Grass isn't always greener on the P.E.R.S. side
In response to last Sunday's letter about public employees, I don't know where the information was obtained, but I am in a Public Employee Retirement System. I am also in Social Security.
I paid into S.S. for 27 years and 16 years in P.E.R.S. I also pay $78.20 each month. I also pay P.E.R.S. $40 a month for coverage on my wife. If I want eye and dental coverage from P.E.R.S., I have to pay extra. Social Security has a cap on when you stop paying in a year. In P.E.R.S. you pay into retirement on every dollar you make; there is no cap. My wife also pays $78.20 each month to Social Security, even though she makes less than $400 a month. With the C.O.L.A. in S.S. my wife and I see an increase of $6 a month combined.
Even though I worked almost twice as long under Social Security than P.E.R.S., S.S. says because of my P.E.R.S. pension they will deduct $200 a month from my S.S. I'm sure Social Security does not reduce last week's writer's payment if he also has a pension from Teamsters or any other.
School board must consider needs of community
Much has been printed, positive and negative, concerning how the Salem Board of Education is addressing current situations. Most, in my opinion has been presented in an emotional context without offering sound evidence of support to the community in regard to those situations. It's easier to place blame on others or situations than to take responsibility.
Many school districts in Ohio are unfortunately being forced due to federal and state cuts to close buildings. This situation is evident in newspaper articles as well as on TV. Each district approaches the task at hand with a plan or strategy, some allowing taxpayers a choice in which building to close. It is a prudent idea in approaching any life-changing event to have a plan. While much has been written, vocalized and published as to this issue being a "no-brainer," nothing has been publicly disclosed as to how this situation will be resolved. For example, closing Prospect will have a dramatic impact not only on 189 students but also administration, teachers and other supportive staff employed in this building. I would like to hear of a plan for redistribution of savings to the district before any decision is made. And yes, the new superintendent should be involved in any major cost-cutting decision, perhaps offering other suggestions or insights.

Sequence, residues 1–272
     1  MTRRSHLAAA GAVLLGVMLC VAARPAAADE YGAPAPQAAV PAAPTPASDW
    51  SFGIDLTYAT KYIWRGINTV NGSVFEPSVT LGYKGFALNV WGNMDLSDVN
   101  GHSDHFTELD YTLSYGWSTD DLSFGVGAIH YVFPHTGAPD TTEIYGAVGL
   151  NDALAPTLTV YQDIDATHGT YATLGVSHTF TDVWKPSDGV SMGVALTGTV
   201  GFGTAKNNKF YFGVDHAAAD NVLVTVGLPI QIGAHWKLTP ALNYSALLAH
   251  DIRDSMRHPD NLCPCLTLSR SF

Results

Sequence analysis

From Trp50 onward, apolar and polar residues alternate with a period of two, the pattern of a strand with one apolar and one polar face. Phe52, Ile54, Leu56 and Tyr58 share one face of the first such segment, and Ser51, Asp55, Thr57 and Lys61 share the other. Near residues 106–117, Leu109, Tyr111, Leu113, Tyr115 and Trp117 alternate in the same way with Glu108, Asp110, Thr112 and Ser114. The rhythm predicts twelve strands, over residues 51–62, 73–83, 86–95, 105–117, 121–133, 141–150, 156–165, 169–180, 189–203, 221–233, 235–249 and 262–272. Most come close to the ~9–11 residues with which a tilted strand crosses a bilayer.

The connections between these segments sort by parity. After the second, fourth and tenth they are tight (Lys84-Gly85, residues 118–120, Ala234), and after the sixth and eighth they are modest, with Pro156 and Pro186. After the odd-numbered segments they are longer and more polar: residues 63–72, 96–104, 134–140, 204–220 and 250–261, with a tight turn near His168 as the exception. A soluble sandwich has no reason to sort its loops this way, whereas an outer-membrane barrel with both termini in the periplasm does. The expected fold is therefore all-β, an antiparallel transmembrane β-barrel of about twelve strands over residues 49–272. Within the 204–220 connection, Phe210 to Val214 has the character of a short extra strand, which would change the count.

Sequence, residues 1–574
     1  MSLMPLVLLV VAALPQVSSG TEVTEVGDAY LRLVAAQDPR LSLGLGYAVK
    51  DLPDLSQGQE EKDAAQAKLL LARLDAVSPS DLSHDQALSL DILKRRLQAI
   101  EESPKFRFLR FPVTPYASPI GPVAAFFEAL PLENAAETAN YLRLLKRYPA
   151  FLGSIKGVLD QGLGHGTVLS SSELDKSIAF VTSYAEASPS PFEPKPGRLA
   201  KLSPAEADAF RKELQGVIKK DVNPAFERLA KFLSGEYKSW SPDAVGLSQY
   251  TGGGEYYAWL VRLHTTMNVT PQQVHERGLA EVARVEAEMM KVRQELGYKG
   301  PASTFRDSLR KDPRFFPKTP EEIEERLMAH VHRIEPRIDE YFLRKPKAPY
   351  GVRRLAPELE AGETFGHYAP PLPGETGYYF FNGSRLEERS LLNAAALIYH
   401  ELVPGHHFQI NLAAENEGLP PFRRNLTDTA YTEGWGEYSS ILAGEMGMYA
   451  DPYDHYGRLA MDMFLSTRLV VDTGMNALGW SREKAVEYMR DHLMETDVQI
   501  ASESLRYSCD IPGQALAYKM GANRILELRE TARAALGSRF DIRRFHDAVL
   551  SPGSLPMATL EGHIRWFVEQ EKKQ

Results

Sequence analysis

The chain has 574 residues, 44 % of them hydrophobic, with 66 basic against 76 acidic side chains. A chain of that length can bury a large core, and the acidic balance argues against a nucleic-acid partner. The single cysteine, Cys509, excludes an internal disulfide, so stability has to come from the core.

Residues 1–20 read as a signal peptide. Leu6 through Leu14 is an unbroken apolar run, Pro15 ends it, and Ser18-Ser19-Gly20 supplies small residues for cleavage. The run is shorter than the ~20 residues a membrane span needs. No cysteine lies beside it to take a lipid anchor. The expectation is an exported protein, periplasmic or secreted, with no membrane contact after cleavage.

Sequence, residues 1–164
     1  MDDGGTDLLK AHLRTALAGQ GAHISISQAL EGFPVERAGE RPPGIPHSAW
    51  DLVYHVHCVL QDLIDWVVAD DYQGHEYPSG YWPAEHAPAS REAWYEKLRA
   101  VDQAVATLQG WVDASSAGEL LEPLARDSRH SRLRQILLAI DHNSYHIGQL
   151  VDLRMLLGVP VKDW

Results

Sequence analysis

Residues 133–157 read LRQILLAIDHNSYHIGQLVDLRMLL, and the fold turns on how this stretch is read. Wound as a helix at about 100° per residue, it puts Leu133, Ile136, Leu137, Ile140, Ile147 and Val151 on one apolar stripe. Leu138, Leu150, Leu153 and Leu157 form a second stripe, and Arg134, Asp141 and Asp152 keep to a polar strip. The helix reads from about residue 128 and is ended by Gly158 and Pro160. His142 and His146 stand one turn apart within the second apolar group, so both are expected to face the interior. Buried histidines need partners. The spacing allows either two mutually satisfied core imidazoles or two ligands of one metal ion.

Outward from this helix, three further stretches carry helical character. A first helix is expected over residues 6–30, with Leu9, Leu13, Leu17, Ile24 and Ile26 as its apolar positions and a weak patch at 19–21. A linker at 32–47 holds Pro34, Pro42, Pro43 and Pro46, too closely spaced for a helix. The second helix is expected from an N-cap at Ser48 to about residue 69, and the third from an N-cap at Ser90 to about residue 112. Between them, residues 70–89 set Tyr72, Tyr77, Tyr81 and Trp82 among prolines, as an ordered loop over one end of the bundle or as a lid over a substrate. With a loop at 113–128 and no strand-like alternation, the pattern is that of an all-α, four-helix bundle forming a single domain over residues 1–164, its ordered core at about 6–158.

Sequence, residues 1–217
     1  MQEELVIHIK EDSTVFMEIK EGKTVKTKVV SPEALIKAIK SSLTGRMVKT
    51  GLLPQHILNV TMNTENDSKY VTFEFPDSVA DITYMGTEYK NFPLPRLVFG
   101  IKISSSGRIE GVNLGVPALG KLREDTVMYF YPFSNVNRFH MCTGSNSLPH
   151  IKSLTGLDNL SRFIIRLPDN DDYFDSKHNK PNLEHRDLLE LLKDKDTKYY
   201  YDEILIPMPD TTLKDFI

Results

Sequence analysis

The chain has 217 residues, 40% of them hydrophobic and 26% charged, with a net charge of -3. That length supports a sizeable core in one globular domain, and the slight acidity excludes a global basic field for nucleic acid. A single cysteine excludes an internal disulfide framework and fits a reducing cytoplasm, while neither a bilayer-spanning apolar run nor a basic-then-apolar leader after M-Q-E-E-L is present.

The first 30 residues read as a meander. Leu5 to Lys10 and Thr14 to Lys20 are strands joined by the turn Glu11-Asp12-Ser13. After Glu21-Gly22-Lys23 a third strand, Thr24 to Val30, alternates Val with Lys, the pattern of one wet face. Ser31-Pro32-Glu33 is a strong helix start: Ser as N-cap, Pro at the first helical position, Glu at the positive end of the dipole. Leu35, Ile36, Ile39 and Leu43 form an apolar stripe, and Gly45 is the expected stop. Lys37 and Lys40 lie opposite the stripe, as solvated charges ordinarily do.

And while discussing cost cuts, the board might consider readdressing the contractual policy regarding PhD compensation. According to the current policy, "Doctoral adjustments to be paid at the end of each 12 months of employment; Year 1, $3,600, Year 2, $3,900, Year 3, $4,200, Year 4 and beyond, $4,500 (per November 17, 2003 Board Agenda). Most districts compensate once for a PhD but a cap is placed upon the amount. We're currently compensating close to $10,000 per year on top of administrative salaries. I feel a review and redesigning of this contractual policy is justified and should be considered, especially when the administration is "top heavy" and little has been offered in way of cuts.
According to the budget report dated 12/1/04-12/31/04, submitted at the Jan. 18 board meeting, a total of $44,027 was spent on lawyer fees. I suppose the "blame" for this has been put upon the Cougras situation, numerous lawsuits, and teacher grievances. Can Cougras also be "blamed" for "misappropriation" or "just now finding" title grant monies needed to assist children of our district?
I, as a taxpayer, contribute to the finances which assist in running the school district, and I'm tired of being taken advantage of. When reviewing resumes of possible superintendent candidates, board members should not only reflect upon their qualifications, experiences, background information, and personality but also consider the needs of our community.
CINDY L. SLAVENS
The judge was right